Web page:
Whilst irritable bowel syndrome is quite a common condition, its symptoms alone are not specific enough for a diagnosis to be made.
Similar symptoms can be seen in bowel cancer, allergies, chron’s disease, ulcerative colitis, coeliac disease and small bowel bacterial overgrowth. Therefore, not having a correct diagnosis could be affecting your long term health or even be life threatening.
This guide is based on the National Institute of Clinic Excellence’s (NICE) clinical guideline for IBS management and diagnosis (2008). NICE are an independent body which produce healthcare guidance which is considered the ‘gold standard’ and all GPs will be aware of the content of these guidelines.
So How Do You Get Diagnosed With IBS?
Well, firstly, if you think you have IBS then you need to see your GP ASAP. They will start to consider IBS after they do an initial assessment where they will ask you questions about you symptom history.
For IBS to be considered, symptoms must have been present for 6 months and include abdominal pain/discomfort, a change in bowel habits (e.g. loose stools/ constipation) and bloating.
IBS itself, can be defined as the following: if an individual has abdominal pain or discomfort which is either improved with bowels opening or associated with a change in bowels e.g. frequency or form of stool.
The individual must also have at least 2 of the following symptoms alongside this;
- altered stool passage (straining, urgency, incomplete evacuation)
- bloating, distension, tension or hardness in their abdomen
- symptoms made worse by eating
- mucus with stools
The GP will then ask questions around symptoms which could indicate other more serious conditions such as unintentional weight loss, blood in stools or a history of certain cancers in the family. These are known as ‘red flag’ indicators and would prompt the GP to investigate conditions such as bowel cancer.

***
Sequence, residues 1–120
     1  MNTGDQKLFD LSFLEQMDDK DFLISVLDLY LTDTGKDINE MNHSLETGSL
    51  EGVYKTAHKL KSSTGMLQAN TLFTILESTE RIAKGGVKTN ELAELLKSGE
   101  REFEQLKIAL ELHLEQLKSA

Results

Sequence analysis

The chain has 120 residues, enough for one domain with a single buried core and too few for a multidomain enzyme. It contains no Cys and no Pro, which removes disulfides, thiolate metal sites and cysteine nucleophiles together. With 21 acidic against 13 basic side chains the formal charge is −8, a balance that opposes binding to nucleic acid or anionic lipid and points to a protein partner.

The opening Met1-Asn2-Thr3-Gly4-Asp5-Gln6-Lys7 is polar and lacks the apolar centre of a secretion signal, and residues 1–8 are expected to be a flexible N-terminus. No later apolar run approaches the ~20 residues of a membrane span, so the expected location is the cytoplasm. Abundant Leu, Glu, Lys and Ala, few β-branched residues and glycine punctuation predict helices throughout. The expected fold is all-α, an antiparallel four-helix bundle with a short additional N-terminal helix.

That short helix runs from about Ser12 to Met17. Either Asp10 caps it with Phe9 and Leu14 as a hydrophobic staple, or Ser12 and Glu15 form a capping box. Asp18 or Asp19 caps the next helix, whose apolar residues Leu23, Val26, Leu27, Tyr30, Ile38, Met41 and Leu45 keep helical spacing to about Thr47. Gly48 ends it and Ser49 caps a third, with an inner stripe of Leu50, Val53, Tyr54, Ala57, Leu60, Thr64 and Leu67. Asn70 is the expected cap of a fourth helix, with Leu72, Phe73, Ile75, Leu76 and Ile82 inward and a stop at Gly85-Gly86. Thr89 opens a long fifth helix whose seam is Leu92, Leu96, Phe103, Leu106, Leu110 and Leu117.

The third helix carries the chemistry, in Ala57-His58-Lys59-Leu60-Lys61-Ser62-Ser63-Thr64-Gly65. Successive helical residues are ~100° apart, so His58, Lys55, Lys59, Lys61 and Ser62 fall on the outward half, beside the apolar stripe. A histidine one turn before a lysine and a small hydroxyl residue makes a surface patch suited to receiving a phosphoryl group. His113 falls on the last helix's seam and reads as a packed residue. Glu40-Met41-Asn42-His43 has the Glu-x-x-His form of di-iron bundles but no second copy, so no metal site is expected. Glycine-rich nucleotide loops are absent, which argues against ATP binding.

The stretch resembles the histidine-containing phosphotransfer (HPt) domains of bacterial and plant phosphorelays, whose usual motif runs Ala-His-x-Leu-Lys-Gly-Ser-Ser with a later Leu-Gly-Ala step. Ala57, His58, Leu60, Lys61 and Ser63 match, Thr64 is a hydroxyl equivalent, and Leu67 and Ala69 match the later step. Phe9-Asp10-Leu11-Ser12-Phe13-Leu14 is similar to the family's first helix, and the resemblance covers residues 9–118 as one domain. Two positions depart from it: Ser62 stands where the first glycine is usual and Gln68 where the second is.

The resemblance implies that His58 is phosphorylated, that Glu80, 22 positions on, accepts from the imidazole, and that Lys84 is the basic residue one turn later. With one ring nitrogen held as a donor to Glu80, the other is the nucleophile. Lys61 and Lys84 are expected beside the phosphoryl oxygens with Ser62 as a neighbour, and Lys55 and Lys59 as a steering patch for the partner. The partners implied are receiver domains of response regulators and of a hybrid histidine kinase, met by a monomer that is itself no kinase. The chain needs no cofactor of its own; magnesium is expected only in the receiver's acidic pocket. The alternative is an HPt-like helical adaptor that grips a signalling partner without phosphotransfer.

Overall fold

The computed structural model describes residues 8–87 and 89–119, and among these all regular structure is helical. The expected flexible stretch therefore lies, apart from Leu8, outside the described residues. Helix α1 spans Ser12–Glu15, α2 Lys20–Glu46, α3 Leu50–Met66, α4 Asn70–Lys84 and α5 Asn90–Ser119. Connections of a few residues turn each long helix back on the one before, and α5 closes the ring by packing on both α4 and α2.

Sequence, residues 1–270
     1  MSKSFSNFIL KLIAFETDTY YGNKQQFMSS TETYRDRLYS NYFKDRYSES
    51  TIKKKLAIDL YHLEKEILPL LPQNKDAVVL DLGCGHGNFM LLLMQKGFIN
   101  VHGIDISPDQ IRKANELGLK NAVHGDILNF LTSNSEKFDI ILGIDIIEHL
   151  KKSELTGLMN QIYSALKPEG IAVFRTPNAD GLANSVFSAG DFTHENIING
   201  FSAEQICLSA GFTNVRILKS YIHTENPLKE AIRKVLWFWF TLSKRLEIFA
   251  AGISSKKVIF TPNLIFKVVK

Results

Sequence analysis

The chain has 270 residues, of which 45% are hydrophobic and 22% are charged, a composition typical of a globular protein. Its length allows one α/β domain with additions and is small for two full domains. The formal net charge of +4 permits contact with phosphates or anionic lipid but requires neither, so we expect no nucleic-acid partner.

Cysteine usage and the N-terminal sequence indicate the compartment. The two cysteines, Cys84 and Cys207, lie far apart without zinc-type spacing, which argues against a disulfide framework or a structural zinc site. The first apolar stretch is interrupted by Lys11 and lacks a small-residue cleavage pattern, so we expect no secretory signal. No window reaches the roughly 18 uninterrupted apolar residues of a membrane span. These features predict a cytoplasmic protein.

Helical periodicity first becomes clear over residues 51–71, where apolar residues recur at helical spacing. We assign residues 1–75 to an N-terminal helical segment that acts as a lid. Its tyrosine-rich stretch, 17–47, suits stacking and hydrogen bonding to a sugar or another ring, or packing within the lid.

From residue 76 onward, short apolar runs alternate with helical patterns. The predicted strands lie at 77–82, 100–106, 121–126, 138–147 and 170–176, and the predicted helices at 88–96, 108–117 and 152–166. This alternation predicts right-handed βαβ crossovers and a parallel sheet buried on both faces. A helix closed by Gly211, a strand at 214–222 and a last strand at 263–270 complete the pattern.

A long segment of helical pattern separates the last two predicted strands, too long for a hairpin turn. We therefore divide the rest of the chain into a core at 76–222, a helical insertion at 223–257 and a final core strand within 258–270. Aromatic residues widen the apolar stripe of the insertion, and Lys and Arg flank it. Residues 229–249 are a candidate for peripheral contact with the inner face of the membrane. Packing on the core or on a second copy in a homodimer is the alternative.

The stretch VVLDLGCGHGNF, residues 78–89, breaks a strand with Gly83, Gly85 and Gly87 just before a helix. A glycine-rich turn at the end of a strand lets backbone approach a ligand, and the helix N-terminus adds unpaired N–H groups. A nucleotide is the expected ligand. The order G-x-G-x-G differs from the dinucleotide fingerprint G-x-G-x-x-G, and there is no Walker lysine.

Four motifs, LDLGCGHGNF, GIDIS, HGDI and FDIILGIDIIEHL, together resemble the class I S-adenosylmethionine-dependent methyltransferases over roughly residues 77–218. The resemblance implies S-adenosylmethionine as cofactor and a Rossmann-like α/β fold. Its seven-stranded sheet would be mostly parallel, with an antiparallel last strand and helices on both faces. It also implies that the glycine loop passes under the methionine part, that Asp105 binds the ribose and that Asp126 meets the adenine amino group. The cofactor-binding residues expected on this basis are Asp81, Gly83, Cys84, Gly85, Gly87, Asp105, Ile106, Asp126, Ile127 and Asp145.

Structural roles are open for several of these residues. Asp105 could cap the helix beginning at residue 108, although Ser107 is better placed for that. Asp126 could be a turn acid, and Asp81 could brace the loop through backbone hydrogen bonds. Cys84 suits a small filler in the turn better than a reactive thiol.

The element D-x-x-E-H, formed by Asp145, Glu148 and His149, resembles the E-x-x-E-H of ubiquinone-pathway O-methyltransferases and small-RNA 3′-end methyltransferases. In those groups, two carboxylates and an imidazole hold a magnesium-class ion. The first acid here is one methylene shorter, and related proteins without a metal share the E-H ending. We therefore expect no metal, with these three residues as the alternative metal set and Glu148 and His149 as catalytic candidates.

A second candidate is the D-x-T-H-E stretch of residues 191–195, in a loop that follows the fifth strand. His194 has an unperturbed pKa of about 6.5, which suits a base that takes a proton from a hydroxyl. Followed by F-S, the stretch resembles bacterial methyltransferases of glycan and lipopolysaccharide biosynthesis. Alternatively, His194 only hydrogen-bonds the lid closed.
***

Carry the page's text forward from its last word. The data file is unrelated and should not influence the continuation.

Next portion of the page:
Bloods tests are required in the diagnosis of IBS in order to rule out other conditions. Tests looking at inflammation, anaemia and potential coeliac disease should be carried out as standard.
No other tests are required for the diagnosis of IBS where the above symptom criteria has been met and blood tests are normal. However, in those that fall out of these by either not meeting the definition, having a ‘red flag’ or having abnormal blood results, the doctor will refer you on to a gastroenterologist (specialist digestive health consultant) who will want to do further investigations. This may include colonoscopy/ MRI/ hydrogen breath tests or an ultrasound.
Seeing a Dietitian
It is recommended that you see a dietitian after you have an official IBS diagnosis. However, in some cases there may be changes in your diet which can be made to try and help your symptoms whilst you wait for your test results or to see a gastroenterologist.
If you would like further information on this issue please contact me.
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